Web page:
• compliance rates, such as the percentage and number of regulated programs, services and functions collecting race-based data on:
    • Indigenous identity
    • race
    • ethnic origin
    • religious affiliation
  • response rates, including the percentage and number of individuals providing their race-based data.

Ontario will continue to work with regulated areas to ensure timely annual reporting and publish annual progress reports on the strategy.

Building a Stronger and More Inclusive Ontario

The Government of Ontario thanks community partners for their collaboration in developing this updated Anti-Racism Strategic Plan. We recognize and value their voice in making Ontario a province of opportunity.

As we move forward from our foundational efforts, we appreciate their insights to ensure our initiatives continue to be accessible and relevant.

Thank you for your support.

Connect with us

Web —  www.ontario.ca/antiracism

Twitter (X) —  @ONAntiracism,  @ONantiracisme

LinkedIn —  Ontario Anti-Racism Directorate

Email —  antiracism@ontario.ca

Terminology list

Anti-Black racism

Anti-Black racism is prejudice, attitudes, beliefs, stereotyping and discrimination that is directed at people of African descent and is rooted in their unique history and experience of enslavement.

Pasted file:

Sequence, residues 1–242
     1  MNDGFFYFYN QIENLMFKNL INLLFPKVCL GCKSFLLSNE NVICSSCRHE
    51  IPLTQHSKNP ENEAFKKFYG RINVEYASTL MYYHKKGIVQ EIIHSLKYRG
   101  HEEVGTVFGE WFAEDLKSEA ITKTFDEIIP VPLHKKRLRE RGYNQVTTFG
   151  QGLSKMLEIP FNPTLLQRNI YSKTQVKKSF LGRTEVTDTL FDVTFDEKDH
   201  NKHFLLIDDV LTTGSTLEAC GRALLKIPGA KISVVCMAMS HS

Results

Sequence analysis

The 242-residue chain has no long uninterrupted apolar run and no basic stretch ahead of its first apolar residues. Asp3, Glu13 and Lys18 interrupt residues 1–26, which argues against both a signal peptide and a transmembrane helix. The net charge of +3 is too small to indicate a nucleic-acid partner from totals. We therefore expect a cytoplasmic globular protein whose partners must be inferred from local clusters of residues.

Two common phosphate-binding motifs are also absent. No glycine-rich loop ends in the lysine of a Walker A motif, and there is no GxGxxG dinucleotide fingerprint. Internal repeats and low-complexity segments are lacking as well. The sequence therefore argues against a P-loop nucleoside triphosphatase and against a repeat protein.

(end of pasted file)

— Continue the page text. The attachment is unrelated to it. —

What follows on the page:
Anti-Black racism is deeply entrenched in Canadian institutions, policies and practices, such that anti-Black racism is either functionally normalized or rendered invisible to the larger white society.

Anti-Black racism is manifested in the legacy of the current social, economic and political marginalization of African Canadians in society such as:

  • lack of opportunities
  • lower socio-economic status
  • higher unemployment
  • significant poverty rates
  • over-representation in the criminal justice system

Antisemitism is a certain perception of Jews, which may be expressed as hatred toward Jews. Rhetorical and physical manifestations of antisemitism are directed toward Jewish or non-Jewish individuals and/or their property, toward Jewish community institutions and religious facilities.

Collective impact

Collective impact is an approach to tackling deeply entrenched, complex social problems that is defined by collaboration across government and community. It is based on a recognition that achieving lasting social change such as eradicating racial inequities within any one system (for example, child welfare, justice, or education) requires addressing interlocking and interdependent systems beyond it.


Colonialism is a practice of domination that involves the subjugation of one people to another. Settler colonialism, such as in Canada, is the unique process where the colonizing population:

  • does not leave the territory
  • asserts ongoing sovereignty to the land
  • actively seeks to assimilate the Indigenous
Disaggregated data

In the context of race-based data, disaggregated data means breaking down composite (“aggregate”) categories such as “visible minority” into component parts, such as Black, Chinese, Arab, etc.


Disparity refers to the unequal outcomes of one group as compared to another.